Kreplach (pronounced krep-lakh; singular, krepel. Some call them krepkhin) is the Yiddish name for the traditional triangular pieces of dough filled with ground meat or chicken, similar to dumplings. Some boil the pockets and eat them with their chicken soup; others fry them and serve as a separate dish.

There are three times a year when some have the tradition to eat kreplach: during the meal on the eve of the Day of Atonement, Yom Kippur; on Hoshana Rabbah; and on the holiday of Purim.

Days of Judgment

Each of these occasions is considered a day of judgment on the Jewish calendar. On Yom Kippur, G‑d judges us with regards to the upcoming year. On Hoshana Rabbah, the books of judgment are finally sealed. On the holiday of Purim, the Jewish nation was judged, and we emerged victorious against the wicked Haman, who strove to destroy us.1 Although these are days of harshness and judgment, there is definitely great opportunity for mercy and compassion as well.

Meat is a food which can sustain humans, but at the same time it takes away life from animals. As such, according to Kabbalah meat represents the divine attribute of strength and severity (gevurah), which may conceal G‑d’s presence.

Bread and dough, on the other hand, sustain life on this planet without destroying any creatures. Thus, these foods represent, and are symbolic of, the divine attribute of kindness (chesed) in its purest form.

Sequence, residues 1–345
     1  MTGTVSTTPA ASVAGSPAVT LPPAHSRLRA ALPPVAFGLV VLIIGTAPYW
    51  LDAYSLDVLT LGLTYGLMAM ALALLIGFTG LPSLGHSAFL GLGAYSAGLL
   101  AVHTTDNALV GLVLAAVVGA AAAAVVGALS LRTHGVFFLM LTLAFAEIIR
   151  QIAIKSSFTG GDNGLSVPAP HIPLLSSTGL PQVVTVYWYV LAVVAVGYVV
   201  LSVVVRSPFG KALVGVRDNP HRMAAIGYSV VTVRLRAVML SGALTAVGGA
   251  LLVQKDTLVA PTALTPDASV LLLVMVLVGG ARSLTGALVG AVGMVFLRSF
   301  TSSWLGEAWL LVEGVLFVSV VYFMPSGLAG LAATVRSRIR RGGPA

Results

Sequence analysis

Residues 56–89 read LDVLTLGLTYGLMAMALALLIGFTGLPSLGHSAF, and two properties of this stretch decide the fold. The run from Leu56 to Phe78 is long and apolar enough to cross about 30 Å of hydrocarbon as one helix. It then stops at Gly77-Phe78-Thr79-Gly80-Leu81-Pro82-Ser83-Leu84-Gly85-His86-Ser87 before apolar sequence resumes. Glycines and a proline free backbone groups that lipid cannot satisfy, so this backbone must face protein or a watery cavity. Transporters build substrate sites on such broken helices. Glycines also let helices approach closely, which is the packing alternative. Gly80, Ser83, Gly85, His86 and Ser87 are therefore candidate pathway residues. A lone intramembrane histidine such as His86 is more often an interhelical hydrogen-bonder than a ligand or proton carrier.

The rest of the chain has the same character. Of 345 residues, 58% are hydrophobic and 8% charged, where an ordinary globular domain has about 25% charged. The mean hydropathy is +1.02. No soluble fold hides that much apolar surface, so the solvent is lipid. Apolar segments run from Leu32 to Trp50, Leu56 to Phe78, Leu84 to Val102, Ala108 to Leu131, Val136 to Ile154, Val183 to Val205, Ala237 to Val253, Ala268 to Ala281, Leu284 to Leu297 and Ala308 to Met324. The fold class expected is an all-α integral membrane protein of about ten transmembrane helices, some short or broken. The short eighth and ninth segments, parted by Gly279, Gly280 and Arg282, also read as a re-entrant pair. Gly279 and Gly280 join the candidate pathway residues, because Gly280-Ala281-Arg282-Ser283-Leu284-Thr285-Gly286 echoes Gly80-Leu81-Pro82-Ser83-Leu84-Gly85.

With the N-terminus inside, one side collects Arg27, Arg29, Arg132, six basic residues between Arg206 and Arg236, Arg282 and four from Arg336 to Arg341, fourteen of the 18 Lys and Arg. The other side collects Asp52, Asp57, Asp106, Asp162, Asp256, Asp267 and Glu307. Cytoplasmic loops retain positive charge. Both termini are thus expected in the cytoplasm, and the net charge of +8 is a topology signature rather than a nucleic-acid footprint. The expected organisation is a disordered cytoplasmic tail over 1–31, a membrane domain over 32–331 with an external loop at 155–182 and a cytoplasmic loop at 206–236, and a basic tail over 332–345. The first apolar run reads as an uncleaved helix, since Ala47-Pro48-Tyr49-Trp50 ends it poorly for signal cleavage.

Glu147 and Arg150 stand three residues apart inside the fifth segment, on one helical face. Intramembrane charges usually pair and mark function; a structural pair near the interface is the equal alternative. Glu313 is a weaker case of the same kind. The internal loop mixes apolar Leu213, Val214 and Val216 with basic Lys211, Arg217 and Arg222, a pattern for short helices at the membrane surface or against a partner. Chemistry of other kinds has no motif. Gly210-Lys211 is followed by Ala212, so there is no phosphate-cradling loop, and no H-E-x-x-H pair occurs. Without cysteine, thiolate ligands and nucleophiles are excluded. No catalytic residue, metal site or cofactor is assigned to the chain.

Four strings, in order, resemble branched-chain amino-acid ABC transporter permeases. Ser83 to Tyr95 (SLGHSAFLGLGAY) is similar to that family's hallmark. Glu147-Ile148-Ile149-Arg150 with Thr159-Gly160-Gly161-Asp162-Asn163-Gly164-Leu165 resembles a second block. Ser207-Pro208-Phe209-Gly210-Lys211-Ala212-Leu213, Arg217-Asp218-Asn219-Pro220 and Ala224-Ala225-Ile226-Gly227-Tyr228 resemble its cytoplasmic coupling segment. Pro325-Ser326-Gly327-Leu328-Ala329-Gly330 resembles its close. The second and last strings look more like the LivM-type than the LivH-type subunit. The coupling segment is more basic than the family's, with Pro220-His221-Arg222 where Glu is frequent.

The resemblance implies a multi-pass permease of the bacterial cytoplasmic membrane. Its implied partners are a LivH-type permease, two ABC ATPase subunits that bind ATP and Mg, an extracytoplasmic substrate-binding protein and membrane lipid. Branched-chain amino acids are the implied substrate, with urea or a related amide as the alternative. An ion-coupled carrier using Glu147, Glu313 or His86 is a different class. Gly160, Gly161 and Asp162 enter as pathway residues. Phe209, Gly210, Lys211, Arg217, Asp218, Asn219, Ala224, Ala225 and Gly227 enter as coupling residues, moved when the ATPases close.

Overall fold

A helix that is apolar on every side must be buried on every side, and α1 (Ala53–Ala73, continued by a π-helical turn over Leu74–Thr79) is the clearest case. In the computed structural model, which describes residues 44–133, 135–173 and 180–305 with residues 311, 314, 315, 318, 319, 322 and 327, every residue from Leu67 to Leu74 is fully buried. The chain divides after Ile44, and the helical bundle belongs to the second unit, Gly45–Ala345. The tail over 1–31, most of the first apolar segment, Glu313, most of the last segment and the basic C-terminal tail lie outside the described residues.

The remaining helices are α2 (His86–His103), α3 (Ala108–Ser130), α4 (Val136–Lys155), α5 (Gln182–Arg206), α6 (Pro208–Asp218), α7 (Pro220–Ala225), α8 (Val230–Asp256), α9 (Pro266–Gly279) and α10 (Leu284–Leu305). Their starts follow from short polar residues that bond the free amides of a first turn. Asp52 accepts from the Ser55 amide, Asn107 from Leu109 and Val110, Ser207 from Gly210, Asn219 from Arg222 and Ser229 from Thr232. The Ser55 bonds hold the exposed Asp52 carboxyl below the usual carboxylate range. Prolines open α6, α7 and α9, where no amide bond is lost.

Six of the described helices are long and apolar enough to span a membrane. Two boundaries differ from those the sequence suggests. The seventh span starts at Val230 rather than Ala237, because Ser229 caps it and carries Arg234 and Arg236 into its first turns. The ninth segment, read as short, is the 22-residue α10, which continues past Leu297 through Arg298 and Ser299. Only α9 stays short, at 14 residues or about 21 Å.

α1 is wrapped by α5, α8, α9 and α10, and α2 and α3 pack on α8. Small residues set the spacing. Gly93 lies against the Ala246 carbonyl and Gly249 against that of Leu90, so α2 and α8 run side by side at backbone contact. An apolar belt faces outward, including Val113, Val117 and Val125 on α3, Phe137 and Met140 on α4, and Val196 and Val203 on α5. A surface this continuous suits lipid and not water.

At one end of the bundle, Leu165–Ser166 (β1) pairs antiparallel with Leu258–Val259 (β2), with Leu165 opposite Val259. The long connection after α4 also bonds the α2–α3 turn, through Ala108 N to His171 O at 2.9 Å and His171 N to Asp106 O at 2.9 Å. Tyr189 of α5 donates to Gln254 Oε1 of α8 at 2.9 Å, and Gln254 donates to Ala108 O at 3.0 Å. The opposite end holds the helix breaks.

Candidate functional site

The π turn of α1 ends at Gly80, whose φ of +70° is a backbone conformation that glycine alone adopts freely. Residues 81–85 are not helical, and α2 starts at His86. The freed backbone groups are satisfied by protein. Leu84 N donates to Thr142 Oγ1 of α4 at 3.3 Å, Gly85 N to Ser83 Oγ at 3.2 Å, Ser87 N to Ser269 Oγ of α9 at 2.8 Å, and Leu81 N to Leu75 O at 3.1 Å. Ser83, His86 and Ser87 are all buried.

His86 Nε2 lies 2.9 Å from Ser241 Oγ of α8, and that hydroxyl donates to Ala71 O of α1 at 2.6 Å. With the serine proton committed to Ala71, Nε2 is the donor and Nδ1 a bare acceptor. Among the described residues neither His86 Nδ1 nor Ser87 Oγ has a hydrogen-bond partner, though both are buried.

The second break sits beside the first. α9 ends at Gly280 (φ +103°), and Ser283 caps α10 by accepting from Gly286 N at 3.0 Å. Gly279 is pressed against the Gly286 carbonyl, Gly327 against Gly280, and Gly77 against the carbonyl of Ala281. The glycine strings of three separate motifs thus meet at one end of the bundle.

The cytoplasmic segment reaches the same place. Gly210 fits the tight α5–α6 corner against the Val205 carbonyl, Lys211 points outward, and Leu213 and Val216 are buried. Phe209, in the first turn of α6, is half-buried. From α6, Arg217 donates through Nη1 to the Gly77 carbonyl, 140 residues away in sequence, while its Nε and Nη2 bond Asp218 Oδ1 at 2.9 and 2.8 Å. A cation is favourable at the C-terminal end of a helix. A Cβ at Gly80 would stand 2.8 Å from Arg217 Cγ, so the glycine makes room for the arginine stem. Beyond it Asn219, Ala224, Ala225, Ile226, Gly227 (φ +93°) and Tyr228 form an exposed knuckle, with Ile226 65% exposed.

On these days, when judgment is more direct, it is considered fitting to eat kreplach—meat covered with dough. The meat, signifying harshness in judgment, when covered by white dough (a form of bread), symbolizing compassion and mercy, is a physical manifestation of our greatest hopes and prayers that G‑d in His all-encompassing mercy will also clothe His strength with compassion and overlook our negative traits. The food itself reminds us to add a specific prayer on this day that kindness should soften and sweeten any harsh judgments that may be in store for us.2

A Lesson

Life has its ups and downs, and the world around us is itself in turmoil. Often, we may see in life more “meat,” judgment, than “bread,” compassion. This makes it easier for us to be judgmental rather than compassionate.

It is a worthwhile endeavor to try and envelop our own judgments in compassion, thus promoting more peace and tranquility in our personal world. In turn, may G‑d infuse His compassion upon us even if we are not found deserving.

See our detailed recipe and guide for kreplach-making instructions.